Every year, more than 150,000 people in the broadcast video industry converge on sin city to ooh and aah at the latest cameras, monitors, and broadcast goodies. For the past several years, the migration to all things digital and HD has taken center stage at the annual National Association of Broadcasters conference and expo. Now, as the 2013 show is upon us, I wonder if several new factors will come into play?
Full HD video is now something your iPhone 4s can do, and Siri isn’t even invited. If you’ve got an iPad, you can accurately claim that you’re an “Avid” editor. Yes, Avid Studio is available for the iPad, and while designed for fun short form content, it’s pretty slick, as is iMovie from Apple. And, if you’re serious, you can purchase an array of lens additions, stabilizers, tripods, and other goodies for your iPhone.
If you want your images to capture stuff moving, the new GoPro2 is as amazing as it gets. I’ve already commented on some of the f@cking great videos I’ve seen where a GoPro has been part of the show kit. Is 4K video the next step in mobile phone capture devices?
Sony, Panasonic, JVC, and about 1,874 other companies will show off new cameras, tripods, lights, storage devices, and lots of weird bits I can’t even describe. But I’ll be taking it in, tweeting, sharing notes, and drinking.
Seriously, because anyone can shoot, and due to the unbelievable amount of content out there, it strikes me that this is a good time to begin to introduce some new strategies and tactics for not only editing and distributing video, but managing media overall. To me, that means media management in the cloud, for one thing. Front Porch Digital is one firm that is expected to push cloud media management at NAB. Their new LYNX product is all about managing media using remote servers and (relatively) low costs to help all types of broadcasters and developers. NOTE: Their website sucks. They should hire (us!) to help them tell a better story.
Another company that will try to gain significant cloud headway is Aspera, with their fasp transfer technology, which essentially provides a fat pipe to move lots of data. NOTE: Do all of these companies build their websites in-house?
Because the HOW and WHY of content is so important these days, those who attend are likely to spend more time listening to those people who are using new technologies to break into new arenas, or to break box office numbers due to great storytelling. For filmmakers, this can be pretty exciting. This year, Gary Ross (Seabiscuit, Pleasantville, the Hunger Games) will speak, as will creative professionals working on shows such as Mad Men, Abduction, The Walking Dead, and other projects. Getting direct experience makes this show valuable to anyone in the biz.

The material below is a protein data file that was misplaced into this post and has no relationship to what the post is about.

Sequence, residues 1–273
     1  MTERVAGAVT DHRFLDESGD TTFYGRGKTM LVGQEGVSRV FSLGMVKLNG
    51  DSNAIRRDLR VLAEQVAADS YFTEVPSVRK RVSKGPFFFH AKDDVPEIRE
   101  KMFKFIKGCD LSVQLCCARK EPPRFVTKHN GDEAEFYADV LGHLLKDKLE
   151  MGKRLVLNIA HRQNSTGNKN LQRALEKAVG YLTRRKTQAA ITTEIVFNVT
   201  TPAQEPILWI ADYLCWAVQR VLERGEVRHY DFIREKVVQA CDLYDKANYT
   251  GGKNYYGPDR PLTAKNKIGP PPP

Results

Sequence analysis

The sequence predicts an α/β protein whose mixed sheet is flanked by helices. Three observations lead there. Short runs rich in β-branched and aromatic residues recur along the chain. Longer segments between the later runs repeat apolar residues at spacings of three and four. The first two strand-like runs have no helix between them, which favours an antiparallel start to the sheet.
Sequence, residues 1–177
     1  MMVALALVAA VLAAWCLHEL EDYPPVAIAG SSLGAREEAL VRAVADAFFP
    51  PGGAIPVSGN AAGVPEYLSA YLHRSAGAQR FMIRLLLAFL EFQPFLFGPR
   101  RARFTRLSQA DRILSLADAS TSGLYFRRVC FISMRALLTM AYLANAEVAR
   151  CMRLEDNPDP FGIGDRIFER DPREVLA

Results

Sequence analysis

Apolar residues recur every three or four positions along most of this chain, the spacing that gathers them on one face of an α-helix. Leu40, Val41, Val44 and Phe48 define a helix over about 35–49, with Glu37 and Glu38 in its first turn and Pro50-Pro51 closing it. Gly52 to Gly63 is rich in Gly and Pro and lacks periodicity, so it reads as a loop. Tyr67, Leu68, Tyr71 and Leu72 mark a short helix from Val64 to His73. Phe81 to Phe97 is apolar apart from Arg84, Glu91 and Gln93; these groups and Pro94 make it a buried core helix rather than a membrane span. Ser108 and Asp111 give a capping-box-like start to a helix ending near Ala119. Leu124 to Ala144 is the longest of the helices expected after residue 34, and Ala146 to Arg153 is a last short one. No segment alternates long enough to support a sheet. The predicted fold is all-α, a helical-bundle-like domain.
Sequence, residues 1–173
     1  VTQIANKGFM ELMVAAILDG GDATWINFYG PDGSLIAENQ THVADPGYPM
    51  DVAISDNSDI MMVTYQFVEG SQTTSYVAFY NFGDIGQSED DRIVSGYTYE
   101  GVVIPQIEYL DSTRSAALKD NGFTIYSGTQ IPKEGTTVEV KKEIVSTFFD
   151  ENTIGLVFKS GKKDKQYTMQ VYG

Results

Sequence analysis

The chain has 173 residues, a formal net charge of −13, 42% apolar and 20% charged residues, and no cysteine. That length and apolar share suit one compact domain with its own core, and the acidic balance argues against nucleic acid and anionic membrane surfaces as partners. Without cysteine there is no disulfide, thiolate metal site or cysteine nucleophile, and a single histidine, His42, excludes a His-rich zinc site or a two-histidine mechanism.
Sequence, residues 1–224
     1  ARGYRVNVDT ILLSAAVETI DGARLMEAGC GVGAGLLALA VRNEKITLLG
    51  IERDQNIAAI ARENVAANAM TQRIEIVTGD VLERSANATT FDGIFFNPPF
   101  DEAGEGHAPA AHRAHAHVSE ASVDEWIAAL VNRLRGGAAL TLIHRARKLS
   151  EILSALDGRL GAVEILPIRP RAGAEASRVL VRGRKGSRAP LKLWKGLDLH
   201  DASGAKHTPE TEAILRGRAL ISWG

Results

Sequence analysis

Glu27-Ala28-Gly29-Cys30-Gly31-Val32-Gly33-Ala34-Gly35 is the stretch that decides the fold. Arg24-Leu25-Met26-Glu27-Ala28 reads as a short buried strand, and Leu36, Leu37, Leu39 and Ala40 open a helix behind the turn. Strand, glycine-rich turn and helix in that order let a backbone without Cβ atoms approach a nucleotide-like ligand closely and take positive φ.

Overall, the key will be to find solutions that are faster, cheaper, and mobile. Higher resolution cameras will be pimped in every corridor, while mobile compression solutions are likely to make even the most seasoned attendee run for the nearest bar (not a long run, mind you). And that brings us to the most challenging issue for any NAB – getting thru the noise to those products and solutions that really matter. For our team, that means editing faster, creating more amazing visual images to tell our stories, and creating better value for our clients. We’re good with cameras. We’re good with story lines. We will specifically look at new ways to manage media, store media, and prepare media for distribution. I already see the end of Blu Ray, as downloading content is THE WAY.
And finally, what about Apple? Last year, Apple introduced Final Cut Pro X just after the NAB event (it was previewed at the show, although Apple does not attend trade shows officially). Professional editors in television and features went into cardiac arrest as FCP X as initially shipped was a different metaphor for editing than pros without much time to learn new tricks could handle (oh, and Apple left out some pretty important functions, too. Bad Apple! Bad!).
This year, Apple was the rage of CES (due to the old and new iPad), and again, they didn’t attend. Avid and Adobe have been busy courting the professional creative crowd, and new versions of their editing and creative solutions will be introduced at the show. For some strange reason, the impact of FCP X on this year’s show is something all of our peers keep talking about. For us, well… we just want to create really nice video stories. The right tool in the right hands (our hands) will result in some pretty amazing stories. We’re excited.